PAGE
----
Scaly-breasted Munia Juvenile, (c) Photo by Steve Kaye

This Small Bird Has Too Many Names | Feb 2016

This Small Bird Has Too Many Names

Scaly-breasted Munia Juvenile, (c) Photo by Steve Kaye, in blog This Small Bird Has Too Many Names

Scaly-breasted Munia Juvenile

If you need something new to worry about, here’s a problem few have considered: This small bird has too many names.

Officially, it’s a Scaly-breasted Munia. At least that’s the name it has now until something changes.

Or, it’s a Spotted Munia (according to some sources).

Before its recent name change, it was a Nutmeg Mannikin. But in pet stores it was sold as a Spice Finch.

If you’re a ornithologist, you would know this bird as being Lonchura punctuate (or L. punctuate).

Then, if you own one as a pet, you would call it by the name you gave it, such as “Brownie,” or “Cutie Pie,” or “Little Tweet.” Certainly, this list could go to include more possibilities than all the sounds made by humans.

Meanwhile, this bird is too busy being a bird to bother with such matters.

I suppose this is one of the advantages of having a small brain. There’s no room for nonsense.

By the way, the bird in the above photo is a juvenile. When it matures, it will look like this.

Scaly-breasted Munia, Adult, (c) Photo by Steve Kaye, in blog post This Small Bird Has Too Many Names

Scaly-breasted Munia, Adult

Then we might call it, “Pretty Bird.”

Much success,

Steve Kaye

The names given birds changes occasionally. Find out what the birds think about this at:

This Really Made the Birds Mad

Find More at:

The Ruby-crowned Kinglet – Small Bird, Big Name

Business Innovation by Birds

Birds Strike!

Did You Know?

The most effective way to help birds is to buy land.

Here are three organizations that excel at doing this.

1) American Bird Conservancy

2) The Nature Conservancy

3) The Trust for Public Land

Please visit their web sites to learn about the work they do.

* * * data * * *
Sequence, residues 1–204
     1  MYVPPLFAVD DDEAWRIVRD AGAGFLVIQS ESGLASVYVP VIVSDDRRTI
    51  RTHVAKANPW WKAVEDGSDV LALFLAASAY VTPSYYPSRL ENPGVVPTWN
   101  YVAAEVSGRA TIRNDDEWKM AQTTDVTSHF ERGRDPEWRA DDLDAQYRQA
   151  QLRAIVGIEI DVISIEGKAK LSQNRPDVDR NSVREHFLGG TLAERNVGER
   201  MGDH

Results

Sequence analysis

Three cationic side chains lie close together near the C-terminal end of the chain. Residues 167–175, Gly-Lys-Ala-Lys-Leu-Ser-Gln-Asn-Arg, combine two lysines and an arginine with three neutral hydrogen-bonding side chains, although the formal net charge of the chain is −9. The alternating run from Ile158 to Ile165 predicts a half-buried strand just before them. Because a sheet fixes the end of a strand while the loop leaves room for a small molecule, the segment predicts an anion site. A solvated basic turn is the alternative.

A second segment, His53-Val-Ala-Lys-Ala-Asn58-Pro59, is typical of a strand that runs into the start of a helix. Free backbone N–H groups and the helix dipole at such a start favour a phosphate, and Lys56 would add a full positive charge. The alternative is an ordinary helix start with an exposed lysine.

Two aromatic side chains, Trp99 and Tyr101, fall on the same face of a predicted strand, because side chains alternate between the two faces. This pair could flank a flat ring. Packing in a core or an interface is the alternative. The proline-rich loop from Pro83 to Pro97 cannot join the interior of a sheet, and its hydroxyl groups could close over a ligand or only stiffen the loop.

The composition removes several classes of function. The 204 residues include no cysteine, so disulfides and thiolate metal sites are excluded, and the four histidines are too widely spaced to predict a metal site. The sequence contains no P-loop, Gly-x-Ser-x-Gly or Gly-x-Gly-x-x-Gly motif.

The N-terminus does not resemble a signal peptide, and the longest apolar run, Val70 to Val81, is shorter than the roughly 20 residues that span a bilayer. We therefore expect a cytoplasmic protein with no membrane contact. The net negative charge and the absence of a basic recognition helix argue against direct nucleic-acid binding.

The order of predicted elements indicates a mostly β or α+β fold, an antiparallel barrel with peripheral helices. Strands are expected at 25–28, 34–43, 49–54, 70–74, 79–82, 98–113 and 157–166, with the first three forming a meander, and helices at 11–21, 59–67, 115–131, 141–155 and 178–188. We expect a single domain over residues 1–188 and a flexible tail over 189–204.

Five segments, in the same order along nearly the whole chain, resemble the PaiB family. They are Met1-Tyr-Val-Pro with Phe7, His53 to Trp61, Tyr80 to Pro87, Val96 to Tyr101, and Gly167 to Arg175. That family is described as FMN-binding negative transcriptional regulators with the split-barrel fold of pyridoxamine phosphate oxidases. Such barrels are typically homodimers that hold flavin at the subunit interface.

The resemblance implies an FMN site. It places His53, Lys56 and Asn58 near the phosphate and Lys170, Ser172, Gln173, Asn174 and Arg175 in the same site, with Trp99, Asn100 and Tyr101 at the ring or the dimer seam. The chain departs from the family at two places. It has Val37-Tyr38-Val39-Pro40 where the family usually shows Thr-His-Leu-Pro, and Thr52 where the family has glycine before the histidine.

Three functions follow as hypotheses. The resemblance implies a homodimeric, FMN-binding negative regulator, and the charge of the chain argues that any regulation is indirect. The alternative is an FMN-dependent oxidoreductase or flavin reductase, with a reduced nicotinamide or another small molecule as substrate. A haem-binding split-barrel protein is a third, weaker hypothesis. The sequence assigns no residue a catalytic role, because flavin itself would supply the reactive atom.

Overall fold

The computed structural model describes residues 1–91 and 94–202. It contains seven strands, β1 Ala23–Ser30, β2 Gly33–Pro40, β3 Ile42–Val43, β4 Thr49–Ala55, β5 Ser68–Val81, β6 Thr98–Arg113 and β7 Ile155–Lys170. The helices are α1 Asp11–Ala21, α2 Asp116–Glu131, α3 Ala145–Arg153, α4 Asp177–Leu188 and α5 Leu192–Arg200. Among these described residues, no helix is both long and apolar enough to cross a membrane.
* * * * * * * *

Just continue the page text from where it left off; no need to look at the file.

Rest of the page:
Here’s an excellent book: The American Bird Conservancy Guide to Bird Conservation

You can help – Please share this blog with others.
Inspiring Respect for Nature, one bird at a time.

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  • Lin Jenkinson
    Posted at 11:37h, 16 February

    I am a new birder and just have a ‘flighty’ interest that is growing- ha! thanks for this and I love this bird but a bird by any other name would still be Spotted Munia or a Spice Finch- the absolute best one. Thanks

  • Kathryn Grace
    Posted at 16:49h, 16 February

    What a gorgeous bird! I don’t recall ever seeing one of those, by whatever name it might be called. But now I’m curious. Why so many names? And why so different?

  • Penny Schafer
    Posted at 17:30h, 18 February

    Just beautiful, both the fluffy baby and the adult. Great job as always Steve!

  • Russ
    Posted at 18:13h, 18 February

    This bird is like us Steve, a bit flashy when young, but utterly spectacular when fully grown. Thanks for keeping me in the loop, I’m sure we’ll meet again soon.

  • Thilda Zorn
    Posted at 19:18h, 18 February

    Steve, I can’t tell you the name of the tiny bird (not a humming….) which flew against my window and than rested gently in my hand, until I finally put it into a swinging flowerpot in my garden. What a wonder, our life and the life of all creatures around us. Thank you for teaching us, Steve!
    When I came to Guatemala almost 30 years ago I was always shocked seeing killed snakes on the path, that at least doesn’t happen anymore. Teaching respect for all creatures also is my goal.
    Thilda, Casa Milagro

  • Bob Franz
    Posted at 07:07h, 19 February

    Hi Steve,

    A few years ago when I was monitoring Craig Park, I was told that this bird could be seen at the extreme south end of the park south of the overflow parking lot. I looked there a few times but could not spot it. Bob

  • Suzanne Schmidt
    Posted at 10:39h, 25 April

    I live in Tampa FL and have had a growing flock of these scaly breasted munia in my yard/neighborhood since October. Could not find them in any of our bird books, since, they are not native, of course! (google “pet shop birds” and there you were) They are beautiful, energetic, hungry birds with a pretty song. They stick together, growing in numbers. I wish I knew where they made their nests. Flying off into the oak trees when startled. They made it through the coldest weather we had just fine. I put out another feeder just to see how many would come all at once, and that’s about 30 right now.

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